By Jill Dougherty
Warning that Syria could fall into the "abyss," Secretary of State John Kerry says he and his Russian counterpart will push for a meeting between the Syrian government and the opposition to try to find a political solution to the crisis that has engulfed the country in civil war.
Speaking at a joint press conference on Tuesday in Moscow, Kerry said he and Russian Foreign Minister Sergey Lavrov had agreed "as soon as is practicable, possibly and hopefully, by the end of this month" to seek to convene an international conference.
The aim would be to implement last summer's Geneva communique brokered by Russia and the United States outlining how a transitional government could be formed.
If the conference takes place, it would be the first to bring together representatives of the warring sides, which have been unable to negotiate a settlement to the two-year conflict that has claimed more than 70,000 lives.
The opposition has adamantly refused any role for Syrian President Bashar al-Assad in any transitional government. But Lavrov, without naming al-Assad, said he was "not interested in the fate of certain persons."
Kerry went further by telling reporters that "it's impossible for me, as an individual, to understand how Syria could be governed in the future by the man who has committed the things we know have taken place."
"But I'm not going to decide that tonight. I'm not going to decide that in the end. Because the Geneva communique says that the transitional government has to be chosen by mutual consent by the parties .... the current regime and the opposition," Kerry said.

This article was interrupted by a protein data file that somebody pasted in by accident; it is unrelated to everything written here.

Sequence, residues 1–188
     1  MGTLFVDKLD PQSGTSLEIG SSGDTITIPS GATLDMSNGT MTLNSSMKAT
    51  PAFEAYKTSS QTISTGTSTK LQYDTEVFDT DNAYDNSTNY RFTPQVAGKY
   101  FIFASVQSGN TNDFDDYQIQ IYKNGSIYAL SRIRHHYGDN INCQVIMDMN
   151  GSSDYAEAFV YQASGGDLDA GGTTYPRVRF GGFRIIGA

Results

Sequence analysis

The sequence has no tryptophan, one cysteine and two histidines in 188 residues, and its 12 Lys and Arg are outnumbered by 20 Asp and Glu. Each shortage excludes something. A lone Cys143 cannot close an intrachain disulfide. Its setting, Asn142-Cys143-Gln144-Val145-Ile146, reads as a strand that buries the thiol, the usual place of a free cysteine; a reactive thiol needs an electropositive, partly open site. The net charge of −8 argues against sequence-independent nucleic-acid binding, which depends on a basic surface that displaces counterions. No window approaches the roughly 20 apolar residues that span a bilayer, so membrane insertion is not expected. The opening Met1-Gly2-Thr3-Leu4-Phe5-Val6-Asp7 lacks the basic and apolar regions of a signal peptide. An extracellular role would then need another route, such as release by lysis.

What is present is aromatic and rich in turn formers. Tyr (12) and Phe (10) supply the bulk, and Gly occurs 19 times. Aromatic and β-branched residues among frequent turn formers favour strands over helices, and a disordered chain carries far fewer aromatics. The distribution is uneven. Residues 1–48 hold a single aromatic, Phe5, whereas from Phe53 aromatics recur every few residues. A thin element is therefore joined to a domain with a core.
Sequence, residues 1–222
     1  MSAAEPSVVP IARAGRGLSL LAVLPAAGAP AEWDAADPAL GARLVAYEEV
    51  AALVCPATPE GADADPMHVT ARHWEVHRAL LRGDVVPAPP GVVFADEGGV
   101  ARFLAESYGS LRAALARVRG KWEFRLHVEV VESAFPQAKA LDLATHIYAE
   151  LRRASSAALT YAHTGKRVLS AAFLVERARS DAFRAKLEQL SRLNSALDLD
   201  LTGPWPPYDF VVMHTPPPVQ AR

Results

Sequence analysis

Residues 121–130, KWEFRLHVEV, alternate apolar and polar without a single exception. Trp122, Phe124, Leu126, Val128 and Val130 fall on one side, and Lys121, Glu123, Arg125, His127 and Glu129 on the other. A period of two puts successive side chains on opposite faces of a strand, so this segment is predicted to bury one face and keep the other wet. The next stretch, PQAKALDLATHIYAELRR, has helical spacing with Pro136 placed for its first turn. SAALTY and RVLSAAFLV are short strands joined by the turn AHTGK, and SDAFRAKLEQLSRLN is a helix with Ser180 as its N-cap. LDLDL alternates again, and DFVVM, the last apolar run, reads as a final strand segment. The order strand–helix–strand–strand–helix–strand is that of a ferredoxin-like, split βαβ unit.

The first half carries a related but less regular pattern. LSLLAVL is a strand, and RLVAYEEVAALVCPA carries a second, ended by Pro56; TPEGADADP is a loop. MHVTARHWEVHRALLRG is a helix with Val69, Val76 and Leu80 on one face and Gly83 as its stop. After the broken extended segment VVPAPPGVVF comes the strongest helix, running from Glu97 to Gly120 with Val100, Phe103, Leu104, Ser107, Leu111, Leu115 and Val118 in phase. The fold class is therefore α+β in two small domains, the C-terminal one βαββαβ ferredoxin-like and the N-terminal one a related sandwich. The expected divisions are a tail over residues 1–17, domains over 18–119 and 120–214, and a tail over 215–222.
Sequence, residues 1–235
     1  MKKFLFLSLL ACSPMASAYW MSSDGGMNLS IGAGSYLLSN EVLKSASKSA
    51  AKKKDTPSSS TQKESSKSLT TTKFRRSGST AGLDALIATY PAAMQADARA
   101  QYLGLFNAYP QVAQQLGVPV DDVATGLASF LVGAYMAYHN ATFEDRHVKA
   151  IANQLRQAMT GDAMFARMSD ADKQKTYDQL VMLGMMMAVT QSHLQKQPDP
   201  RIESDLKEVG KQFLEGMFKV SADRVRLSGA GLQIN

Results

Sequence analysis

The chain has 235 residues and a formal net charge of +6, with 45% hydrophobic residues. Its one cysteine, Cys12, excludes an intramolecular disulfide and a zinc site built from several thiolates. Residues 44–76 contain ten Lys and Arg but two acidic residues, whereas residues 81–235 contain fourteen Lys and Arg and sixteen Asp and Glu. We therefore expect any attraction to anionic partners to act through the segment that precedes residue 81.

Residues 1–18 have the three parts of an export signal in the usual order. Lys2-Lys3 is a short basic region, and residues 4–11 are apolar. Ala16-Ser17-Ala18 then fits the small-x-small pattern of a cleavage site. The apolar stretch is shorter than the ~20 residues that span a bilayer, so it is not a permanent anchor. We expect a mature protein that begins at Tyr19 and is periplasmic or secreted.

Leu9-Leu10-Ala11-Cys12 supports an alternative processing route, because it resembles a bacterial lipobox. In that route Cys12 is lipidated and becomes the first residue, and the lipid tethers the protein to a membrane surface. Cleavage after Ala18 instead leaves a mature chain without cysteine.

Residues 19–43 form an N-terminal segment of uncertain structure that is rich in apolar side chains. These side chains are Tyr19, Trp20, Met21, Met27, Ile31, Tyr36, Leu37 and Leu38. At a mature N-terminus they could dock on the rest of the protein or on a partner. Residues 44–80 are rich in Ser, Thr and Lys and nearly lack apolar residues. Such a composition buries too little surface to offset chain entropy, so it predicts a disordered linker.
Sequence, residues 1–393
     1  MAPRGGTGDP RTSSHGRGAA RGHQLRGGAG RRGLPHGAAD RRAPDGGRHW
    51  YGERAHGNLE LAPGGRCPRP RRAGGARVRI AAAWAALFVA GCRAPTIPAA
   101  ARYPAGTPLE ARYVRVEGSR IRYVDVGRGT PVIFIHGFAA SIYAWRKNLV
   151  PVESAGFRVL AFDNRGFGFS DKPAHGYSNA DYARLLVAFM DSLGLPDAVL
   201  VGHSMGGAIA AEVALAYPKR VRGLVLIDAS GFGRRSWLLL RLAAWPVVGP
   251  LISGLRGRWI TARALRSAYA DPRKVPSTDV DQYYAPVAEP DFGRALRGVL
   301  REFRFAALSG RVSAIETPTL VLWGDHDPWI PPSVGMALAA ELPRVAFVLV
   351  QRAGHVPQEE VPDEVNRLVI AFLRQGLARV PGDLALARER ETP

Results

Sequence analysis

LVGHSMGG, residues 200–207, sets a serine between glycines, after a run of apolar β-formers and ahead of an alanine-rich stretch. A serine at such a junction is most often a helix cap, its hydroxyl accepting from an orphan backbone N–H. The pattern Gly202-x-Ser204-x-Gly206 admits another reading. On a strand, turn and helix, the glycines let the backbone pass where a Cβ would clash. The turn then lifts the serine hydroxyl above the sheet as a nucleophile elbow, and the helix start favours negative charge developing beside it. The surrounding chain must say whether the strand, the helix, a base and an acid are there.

The U.S. policy is that al-Assad must step down.
Separately, President Barack Obama issued an order on Tuesday formally reaffirming the U.S. stance toward Syria that also called on al-Assad to end the "violent war" and "step aside to allow a political transition."
Both Kerry and Lavrov said the transitional government, according to the Geneva communique, will be formed by mutual consent with the support of the international community and with "full executive authority."
Kerry explained that means "the full authority to run and manage the government including their military and security services. And that doing so, as soon as they can possibly implement it, is the best way to resolve the crisis in Syria."
The announcement came at the end of a long day of meetings in Moscow in which Kerry discussed a range of issues, including Iran's nuclear program, Afghanistan, North Korea, and the proliferation of weapons of mass destruction.
The meetings also came as the FBI and Russia's security service, the FSB, have been cooperating more closely on the investigation of the Boston Marathon bombing that killed three people and injured more than 260 others.
Tamerlan Tsarnaev, an immigrant from the Caucasus region and one of two bombing suspects, was investigated by U.S. authorities 2011 on a tip from Russia that he might be shifting toward Islamic extremism.
He visited Russia for six months last year, a trip that is drawing scrutiny from law enforcement. He died in a shootout with police three days after the bombing. His brother, the second suspect, was arrested.
Kerry, who represented Massachusetts in the Senate before becoming secretary of state, said "Boston reminds us that we all have interest in standing up to extremism" and Syria, he said, has become a "magnet for extremists."
The Boston attack, Lavrov said, "showed that no one can hide anywhere from these threats."
He said Russia and the United States agreed that "our special services will be in close contact on this issue."